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Creating Accessible Communications 

Accessibility benefits everyone and learning to create accessible communications is for every State employee, not just those who are in designated communications roles!

Each and every one of us is communicating in some form or another, including emails, reports, presentations, meetings, websites, applications, grant programs, press releases, printed materials, and more. The avenues of communication are endless. In our role as State employees, we convey vital information to the general public. It is our responsibility to make sure we are presenting information in a way that is understandable. The Chief Marketing Office is committed to ensuring marketing and communications from the State of Vermont are clear and accessible for all Vermonters and that State employees have the tools they need to make this happen.

Let's begin...together!

As we embark on the journey of bringing accessibility to the forefront of our work and daily conversations, it is important to realize that this topic is not one size fits all. It is likely not feasible to make each communication accessible for every potential member of your audience, because everyone has individual needs. This is why the first step is to know your audience and if there are any important considerations in connecting with them. And, the second important step is to welcome the audience to request accommodations and alternative formats.

How the Chief Marketing Office can help

The Chief Marketing Office has assembled best practices and considerations to make communications accessible (outlined below) and is in the process of updating all State of Vermont Brand Standards and Guidelines to ensure that our foundational standards are in line with current accessibility best practices. Additionally, the CMO has developed Template Resources with step-by-step editing instructions, developed a Language Access Guidance Summary, and assembled a list of Employee Resources to learn more about accessible communications.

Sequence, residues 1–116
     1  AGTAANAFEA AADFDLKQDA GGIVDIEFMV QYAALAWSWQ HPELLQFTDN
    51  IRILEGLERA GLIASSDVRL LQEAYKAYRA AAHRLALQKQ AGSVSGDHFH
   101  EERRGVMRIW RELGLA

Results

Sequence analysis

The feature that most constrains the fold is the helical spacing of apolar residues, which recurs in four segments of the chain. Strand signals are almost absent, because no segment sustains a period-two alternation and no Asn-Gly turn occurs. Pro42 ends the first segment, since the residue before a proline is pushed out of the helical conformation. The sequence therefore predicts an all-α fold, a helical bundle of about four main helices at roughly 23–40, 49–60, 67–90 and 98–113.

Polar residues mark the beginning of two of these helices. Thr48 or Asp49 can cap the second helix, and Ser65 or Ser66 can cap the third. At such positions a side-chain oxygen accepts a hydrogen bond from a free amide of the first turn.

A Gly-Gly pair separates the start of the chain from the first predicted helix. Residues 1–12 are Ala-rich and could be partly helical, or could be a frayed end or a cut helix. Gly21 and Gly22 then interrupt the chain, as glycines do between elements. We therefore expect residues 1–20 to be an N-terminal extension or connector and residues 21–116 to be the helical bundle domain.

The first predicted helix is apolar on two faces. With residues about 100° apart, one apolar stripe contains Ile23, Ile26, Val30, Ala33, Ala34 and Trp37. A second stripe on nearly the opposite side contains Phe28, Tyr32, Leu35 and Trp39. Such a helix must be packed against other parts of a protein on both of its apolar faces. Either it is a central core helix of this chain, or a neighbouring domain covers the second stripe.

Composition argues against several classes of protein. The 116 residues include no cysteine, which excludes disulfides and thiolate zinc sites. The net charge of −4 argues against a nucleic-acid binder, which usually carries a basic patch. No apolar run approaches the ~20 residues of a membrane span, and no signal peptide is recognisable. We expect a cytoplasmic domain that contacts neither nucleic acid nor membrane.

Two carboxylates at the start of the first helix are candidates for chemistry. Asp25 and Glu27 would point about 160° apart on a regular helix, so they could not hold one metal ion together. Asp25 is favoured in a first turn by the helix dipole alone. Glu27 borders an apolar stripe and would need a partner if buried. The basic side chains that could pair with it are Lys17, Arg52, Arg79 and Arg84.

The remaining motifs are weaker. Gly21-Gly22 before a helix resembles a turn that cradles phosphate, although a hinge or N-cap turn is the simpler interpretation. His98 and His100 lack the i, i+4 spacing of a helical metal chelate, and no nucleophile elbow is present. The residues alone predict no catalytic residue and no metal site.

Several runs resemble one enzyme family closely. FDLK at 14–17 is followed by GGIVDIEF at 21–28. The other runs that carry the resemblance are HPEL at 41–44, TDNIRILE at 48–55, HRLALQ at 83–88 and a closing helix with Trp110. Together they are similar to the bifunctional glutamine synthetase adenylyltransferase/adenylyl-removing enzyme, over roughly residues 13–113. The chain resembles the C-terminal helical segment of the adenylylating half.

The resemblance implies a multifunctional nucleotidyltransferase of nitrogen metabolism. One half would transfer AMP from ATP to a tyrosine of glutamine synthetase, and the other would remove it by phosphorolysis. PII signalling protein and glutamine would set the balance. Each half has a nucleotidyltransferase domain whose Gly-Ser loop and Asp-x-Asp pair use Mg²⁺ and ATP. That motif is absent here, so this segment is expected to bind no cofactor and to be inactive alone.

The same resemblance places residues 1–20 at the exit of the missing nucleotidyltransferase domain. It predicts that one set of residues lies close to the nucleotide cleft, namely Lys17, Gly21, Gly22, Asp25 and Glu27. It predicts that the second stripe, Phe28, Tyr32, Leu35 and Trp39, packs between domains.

Accessibility throughout the Enterprise

We encourage all State of Vermont employees to review the Accessibility Guidelines SharePoint site published by the Agency of Human Services Accessibility Committee. This site is available to all state employees interested in learning more about accessible communications, complete with guidelines, resources, and recommendations for a variety of communication methods and formats.

Additional Resources to Explore

Digital.gov is a great resource for learning about digital accessibility. Their article An advanced approach to accessibility, What to do, how to do it, and why it matters is a helpful place to start.

The Microsoft Inclusive Design guide explores the principles of inclusive design. This includes additional information, Inclusive 101 and Inclusive Design for Cognition which are great resources for learning the fundamentals of inclusive design.

Best Practices

First and foremost, all communications should be simple and organized. Content and language should be understandable and formatting should assist the audience with understanding your message. Outlined below are important topics different types of communications. Click on the different categories to learn best practices and helpful tips.